Binders is one of the key players in Latvian road construction. The company has allegedly attracted the attention of VID's Tax and Customs Police Department Financial Crimes Unit over their payments to Lithuanian company Keltesa, according to unofficial sources. Investigators were interested in contracts, invoices and payment made in 2018.
“We confirm that VID has asked the company for information about transactions from 2018 with a Lithuanian company that performed Lithuanian road construction market research upon our request,” said Binders.
Binders appears to be puzzled by VID's interest in the transaction, but they won't say how much the research cost. They only reveal that over the past two years Binders has paid out about two million euros to subcontractors, accountants, lawyers and other consultants in Lithuania.
“I can only say that criminal proceedings have begun based on materials received from FID. The investigation began at the beginning of this year, but in the interests of the investigation I can't offer more detailed information,” said Tax and Customs Police Department Director Kaspars Podiņš.
According to unofficial sources, FID has allegedly been working with Lithuainan authorities. Keltesa is registered to a row house in the Klaipeda area where almost a hundred (many liquidated) companies are registered. Listed operations include sales of recycled raw materials, waste and scraps. Binders said they were specifically looking for a small company, because information can leak in larger companies.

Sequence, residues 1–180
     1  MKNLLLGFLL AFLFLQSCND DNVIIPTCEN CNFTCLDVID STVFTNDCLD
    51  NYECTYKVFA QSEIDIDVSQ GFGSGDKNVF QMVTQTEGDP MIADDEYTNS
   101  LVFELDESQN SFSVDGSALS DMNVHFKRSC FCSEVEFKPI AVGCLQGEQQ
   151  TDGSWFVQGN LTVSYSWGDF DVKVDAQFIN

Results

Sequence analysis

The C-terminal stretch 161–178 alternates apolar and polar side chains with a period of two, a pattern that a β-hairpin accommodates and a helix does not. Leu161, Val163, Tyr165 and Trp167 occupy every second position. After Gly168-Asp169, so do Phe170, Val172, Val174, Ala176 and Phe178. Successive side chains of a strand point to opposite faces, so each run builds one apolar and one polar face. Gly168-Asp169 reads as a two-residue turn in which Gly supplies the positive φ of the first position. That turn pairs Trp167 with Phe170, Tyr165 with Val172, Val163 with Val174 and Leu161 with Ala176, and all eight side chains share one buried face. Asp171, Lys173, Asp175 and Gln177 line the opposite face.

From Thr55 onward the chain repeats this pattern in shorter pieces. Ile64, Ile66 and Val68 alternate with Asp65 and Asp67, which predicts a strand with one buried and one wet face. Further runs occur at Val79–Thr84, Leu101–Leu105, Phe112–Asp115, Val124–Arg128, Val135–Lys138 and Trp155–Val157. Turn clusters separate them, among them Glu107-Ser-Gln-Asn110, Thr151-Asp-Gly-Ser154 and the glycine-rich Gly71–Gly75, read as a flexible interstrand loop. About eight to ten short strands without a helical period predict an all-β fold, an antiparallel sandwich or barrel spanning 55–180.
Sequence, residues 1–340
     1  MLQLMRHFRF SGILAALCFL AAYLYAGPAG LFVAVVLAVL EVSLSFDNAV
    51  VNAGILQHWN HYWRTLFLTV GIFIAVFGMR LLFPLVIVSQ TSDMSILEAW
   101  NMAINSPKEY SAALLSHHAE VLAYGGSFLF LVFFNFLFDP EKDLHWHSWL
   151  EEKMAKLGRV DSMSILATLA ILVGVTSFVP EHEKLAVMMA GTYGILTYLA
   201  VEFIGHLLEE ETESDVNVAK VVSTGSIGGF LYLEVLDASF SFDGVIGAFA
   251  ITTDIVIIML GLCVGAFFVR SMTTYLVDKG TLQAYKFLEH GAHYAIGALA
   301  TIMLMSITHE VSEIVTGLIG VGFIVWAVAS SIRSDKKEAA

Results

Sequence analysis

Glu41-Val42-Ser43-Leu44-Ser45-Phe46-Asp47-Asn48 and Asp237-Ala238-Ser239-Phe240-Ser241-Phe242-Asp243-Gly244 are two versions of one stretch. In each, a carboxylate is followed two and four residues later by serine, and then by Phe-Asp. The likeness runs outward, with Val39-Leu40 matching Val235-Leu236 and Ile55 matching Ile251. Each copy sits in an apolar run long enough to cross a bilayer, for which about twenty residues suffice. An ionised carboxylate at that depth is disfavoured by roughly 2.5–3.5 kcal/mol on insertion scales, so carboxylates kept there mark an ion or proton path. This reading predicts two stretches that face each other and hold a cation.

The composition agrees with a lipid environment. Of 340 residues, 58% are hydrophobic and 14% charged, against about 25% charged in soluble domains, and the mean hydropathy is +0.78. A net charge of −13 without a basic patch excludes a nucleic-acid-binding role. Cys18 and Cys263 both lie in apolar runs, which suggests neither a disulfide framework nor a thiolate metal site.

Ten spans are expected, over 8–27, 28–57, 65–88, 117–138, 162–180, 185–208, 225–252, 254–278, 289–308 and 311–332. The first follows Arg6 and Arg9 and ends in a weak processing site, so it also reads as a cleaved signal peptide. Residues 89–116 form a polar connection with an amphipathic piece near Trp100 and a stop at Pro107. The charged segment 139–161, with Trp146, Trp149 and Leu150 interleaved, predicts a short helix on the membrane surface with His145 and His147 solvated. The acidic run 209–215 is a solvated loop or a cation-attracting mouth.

“In our view the work has been completed in accordance with the conditions of the commission, as a result the company changed its initial strategy in the Lithuanian market. Last year we won the largest ever road construction procurement in Lithuania,” said Binders.
Keltesa's owner is Ruta Grundule and the CEO is Agris Latišs. In the early 90's Latišs was co-owner of several companies in the Skonto group. He began developing hotels in 2000, but that ended in bankruptcy.
The true beneficiaries of Binders behind several companies are Armands Garkāns, Normunds Luste and Alvis Tanbergs. Garkāns has the largest share, and he also owns construction company Arčers, which was called to the Corruption Prevention and Combating Bureau (KNAB) last year in relation to the construction cartel case. However the Competition Council director said that roads and bridges aren't a focus in the cartel case.